Christine Sine, over at her blog, has offered the following list of some distinctives of Celtic spirituality that lead her to embrace it.
- Central to Celtic spirituality is incarnation and an intense sense of the presence of God.
- A belief in the thinness of the veil between this world and the next.
- Importance of little things – no task is too trivial to be sanctified by prayer and blessing
- All of life flows to a rhythm of ebb and flow reflected in the natural world.
- A strong sense of sin and of the presence of evil forces in the world resulted in a strong recognition of the need for penitence which often led to austerely ascetic lives.
- Celtic Christians adapted well to the culture in which they operated
For explanations, expansions, and examples under the individual points, see the full post.
While I think these are wonderful values, I wonder (as with Jonathan Wilson-Hartgrove’s article posted on earlier) on what historical grounds we can conclude that these traits (and the sub-traits noted by Sine) were in fact true of Celtic spirituality. Robert Webber pointed out in his The Younger Evangelicals that the whole movement to appropriate Celtic spirituality has been on shaky ground historically (I don’t have the book handy, so I can’t look up the reference).
Again, I am not dismissing Sine’s list (though some of the qualities listed seem true of many other Christian traditions besides the Celtic), just as I appreciate and support many of the values expressed by Wilson-Hartgrove. What I am asking is that before we re-appropriate supposed facets of past Christian movements, we do our historical homework.
Also, this is not an area of expertise for me, so I’d be interested to hear comments from readers on this one.
Another re-post from Christianity Today’s history blog:
Department of Oxymorons: Ten “Hot Issues” in Christian History Today
by Chris Armstrong
We moderns (and even we postmoderns) love top-ten lists. David Letterman has even managed to prop up a wilting career by providing one daily.
This list reaches fearlessly into the land of the oxymoron – you know, those lovely self-contradictory statements: “jumbo shrimp,” “airline food,” “Microsoft Works™.” The oxymoron for today: “Hot issues in history.”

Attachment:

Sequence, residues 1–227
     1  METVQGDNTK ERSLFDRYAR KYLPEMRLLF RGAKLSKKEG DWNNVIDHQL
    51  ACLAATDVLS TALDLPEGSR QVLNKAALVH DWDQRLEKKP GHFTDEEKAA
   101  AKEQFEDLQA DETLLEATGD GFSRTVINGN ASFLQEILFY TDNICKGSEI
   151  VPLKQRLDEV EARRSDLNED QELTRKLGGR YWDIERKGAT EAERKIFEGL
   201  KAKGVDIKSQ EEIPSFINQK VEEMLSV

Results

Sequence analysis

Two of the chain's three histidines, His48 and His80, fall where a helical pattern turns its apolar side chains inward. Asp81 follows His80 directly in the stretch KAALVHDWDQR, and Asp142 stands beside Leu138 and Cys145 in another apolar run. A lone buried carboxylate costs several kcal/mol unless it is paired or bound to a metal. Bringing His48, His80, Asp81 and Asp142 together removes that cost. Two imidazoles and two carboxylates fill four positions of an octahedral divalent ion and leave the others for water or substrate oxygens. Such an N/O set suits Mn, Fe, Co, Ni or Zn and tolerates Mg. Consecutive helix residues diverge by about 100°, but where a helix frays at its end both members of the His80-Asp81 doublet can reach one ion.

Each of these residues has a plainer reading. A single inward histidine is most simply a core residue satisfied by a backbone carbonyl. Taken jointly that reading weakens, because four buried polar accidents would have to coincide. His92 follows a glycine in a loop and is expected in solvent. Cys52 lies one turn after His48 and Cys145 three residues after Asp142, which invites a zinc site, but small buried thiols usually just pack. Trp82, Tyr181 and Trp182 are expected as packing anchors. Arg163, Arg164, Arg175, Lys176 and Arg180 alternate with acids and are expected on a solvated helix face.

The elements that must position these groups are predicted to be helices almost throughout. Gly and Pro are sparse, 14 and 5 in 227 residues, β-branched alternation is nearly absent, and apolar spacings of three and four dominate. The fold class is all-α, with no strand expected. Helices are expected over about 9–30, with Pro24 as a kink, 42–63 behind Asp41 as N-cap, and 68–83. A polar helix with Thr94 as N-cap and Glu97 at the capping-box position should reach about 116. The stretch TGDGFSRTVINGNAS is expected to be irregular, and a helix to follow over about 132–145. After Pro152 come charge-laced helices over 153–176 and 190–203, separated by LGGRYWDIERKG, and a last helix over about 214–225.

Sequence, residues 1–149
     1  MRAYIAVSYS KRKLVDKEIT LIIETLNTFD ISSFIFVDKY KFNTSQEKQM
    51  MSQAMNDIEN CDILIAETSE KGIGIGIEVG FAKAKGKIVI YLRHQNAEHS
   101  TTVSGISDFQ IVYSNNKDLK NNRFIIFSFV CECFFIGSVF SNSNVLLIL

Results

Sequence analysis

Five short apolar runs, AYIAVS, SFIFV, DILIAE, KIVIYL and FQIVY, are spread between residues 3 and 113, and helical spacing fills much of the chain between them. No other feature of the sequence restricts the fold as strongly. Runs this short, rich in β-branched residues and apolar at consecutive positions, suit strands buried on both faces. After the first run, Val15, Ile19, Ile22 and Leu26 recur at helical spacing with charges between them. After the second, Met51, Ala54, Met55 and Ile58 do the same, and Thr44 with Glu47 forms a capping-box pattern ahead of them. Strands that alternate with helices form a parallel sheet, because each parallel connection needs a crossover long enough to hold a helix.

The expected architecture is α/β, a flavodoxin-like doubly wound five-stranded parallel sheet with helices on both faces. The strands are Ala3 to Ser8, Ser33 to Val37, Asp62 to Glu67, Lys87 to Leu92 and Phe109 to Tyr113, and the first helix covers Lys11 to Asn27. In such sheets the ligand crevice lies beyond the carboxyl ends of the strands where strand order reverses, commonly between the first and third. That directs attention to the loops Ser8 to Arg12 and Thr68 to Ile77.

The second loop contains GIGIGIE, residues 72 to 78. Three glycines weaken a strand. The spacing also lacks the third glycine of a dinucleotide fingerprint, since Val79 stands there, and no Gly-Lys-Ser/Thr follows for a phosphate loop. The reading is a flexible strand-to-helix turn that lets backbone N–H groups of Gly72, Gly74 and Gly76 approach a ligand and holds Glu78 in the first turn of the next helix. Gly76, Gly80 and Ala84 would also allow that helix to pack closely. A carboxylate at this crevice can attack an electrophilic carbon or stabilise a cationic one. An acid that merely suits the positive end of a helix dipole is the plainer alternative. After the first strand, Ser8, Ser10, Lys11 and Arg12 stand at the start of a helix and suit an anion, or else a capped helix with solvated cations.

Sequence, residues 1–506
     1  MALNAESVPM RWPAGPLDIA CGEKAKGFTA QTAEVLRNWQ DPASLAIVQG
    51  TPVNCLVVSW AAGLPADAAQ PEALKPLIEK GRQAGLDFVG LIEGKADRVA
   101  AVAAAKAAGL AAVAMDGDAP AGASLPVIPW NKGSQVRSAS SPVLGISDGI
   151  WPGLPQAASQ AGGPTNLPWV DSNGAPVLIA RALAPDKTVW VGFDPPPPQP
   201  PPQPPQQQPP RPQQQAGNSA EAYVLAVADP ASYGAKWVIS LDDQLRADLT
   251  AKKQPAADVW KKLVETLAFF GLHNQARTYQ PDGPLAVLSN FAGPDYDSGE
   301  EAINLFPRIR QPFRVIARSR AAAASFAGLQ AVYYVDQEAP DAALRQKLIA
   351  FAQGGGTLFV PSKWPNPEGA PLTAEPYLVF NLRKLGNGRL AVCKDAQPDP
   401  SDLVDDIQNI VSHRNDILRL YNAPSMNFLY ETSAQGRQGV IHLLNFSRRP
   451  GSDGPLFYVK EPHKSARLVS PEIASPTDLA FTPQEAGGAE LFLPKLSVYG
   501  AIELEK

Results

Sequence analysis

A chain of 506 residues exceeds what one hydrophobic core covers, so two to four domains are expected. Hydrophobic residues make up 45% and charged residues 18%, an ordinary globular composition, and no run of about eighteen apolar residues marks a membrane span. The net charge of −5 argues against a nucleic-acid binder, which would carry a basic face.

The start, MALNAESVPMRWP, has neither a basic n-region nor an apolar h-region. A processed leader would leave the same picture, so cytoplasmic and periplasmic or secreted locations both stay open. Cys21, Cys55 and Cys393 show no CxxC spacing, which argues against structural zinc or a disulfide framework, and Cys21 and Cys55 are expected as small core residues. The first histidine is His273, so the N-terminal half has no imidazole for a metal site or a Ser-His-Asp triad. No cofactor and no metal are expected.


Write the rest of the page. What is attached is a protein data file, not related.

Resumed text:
That was the topic put to me a couple of years ago when my seminary’s sister undergraduate institution, Bethel College, was looking to spiff up the Christian history content of its Western Civ curriculum. Would I come talk to the course’s cadre of professors about what’s “new and exciting” in this field of history? So I took my best shot.
I can’t say my colleagues in the guild of Christian historians are staying awake nights wrestling with any of the following 10 issues. But these are all matters that I’ve recently seen discussed – some of them with some heat – by historically conscious evangelicals. If there is a theme to the list, it is this: How does our history define us, and how should it?
So here goes: Continue reading →
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Tagged Celtic Christianity, Christian history, Donald Dayton, Eastern Christianity, Eastern Orthodoxy, ecumenism, evangelicalism, gnosticism, Medieval, Middle Ages, new monasticism, Pietism, Roman Catholicism, science, social justice, Tradition, Wesleyanism
Though probably not from Patrick himself (it is more likely dated to the 8th than the 5th century), “St. Patrick’s Lorica” (breastplate) is a stirring piece of early Celtic devotion. I’ll give it here first in a translation printed in
Christian History’s issue on Celtic Christianity. Then I’ve added the 1889 hymnic adaptation by Cecil Frances Alexander, wife of Anglican primate for Ireland William Alexander. You can hear the tune for that hymn here.
For some further information on Patrick and Celtic Christianity, see this post.
I Rise Today
The most famous Celtic prayer shows why the Celts are known for exalting both creation and the Creator.
“Patrick” | posted 10/01/1998 12:00AM
I rise today
in the power’s strength, invoking the Trinity
believing in threeness,
confessing the oneness,
of creation’s Creator. Continue reading →